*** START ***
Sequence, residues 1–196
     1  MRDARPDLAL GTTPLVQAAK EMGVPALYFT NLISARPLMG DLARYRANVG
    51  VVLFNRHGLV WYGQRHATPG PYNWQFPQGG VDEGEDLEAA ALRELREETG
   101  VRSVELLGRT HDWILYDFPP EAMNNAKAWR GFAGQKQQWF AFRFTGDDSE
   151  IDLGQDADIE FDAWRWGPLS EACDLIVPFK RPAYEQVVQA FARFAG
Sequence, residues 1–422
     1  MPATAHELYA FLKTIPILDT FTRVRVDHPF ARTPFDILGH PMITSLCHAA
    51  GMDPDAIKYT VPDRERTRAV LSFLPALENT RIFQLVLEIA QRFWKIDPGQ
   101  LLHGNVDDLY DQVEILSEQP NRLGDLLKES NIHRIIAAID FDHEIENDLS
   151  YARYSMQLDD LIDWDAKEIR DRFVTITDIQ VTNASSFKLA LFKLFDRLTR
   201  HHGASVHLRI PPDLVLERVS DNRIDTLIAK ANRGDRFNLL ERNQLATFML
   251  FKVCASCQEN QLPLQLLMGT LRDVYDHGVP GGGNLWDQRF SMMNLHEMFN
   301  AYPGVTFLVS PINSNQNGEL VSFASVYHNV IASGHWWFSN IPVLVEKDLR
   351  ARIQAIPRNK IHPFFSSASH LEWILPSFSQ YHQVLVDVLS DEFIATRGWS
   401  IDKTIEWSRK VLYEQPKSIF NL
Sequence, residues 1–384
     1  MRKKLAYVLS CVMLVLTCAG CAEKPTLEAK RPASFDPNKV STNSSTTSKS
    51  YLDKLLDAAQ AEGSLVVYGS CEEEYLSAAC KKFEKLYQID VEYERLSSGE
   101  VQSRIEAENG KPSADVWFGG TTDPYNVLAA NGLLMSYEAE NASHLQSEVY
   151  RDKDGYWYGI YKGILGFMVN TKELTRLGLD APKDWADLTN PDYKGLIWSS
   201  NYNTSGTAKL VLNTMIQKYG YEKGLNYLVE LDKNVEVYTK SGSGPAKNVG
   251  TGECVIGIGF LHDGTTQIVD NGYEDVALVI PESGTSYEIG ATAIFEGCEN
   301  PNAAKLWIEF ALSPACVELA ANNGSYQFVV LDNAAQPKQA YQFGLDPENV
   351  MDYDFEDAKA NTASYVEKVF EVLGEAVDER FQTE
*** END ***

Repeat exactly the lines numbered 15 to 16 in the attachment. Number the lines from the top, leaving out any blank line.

   401  IDKTIEWSRK VLYEQPKSIF NL
Sequence, residues 1–384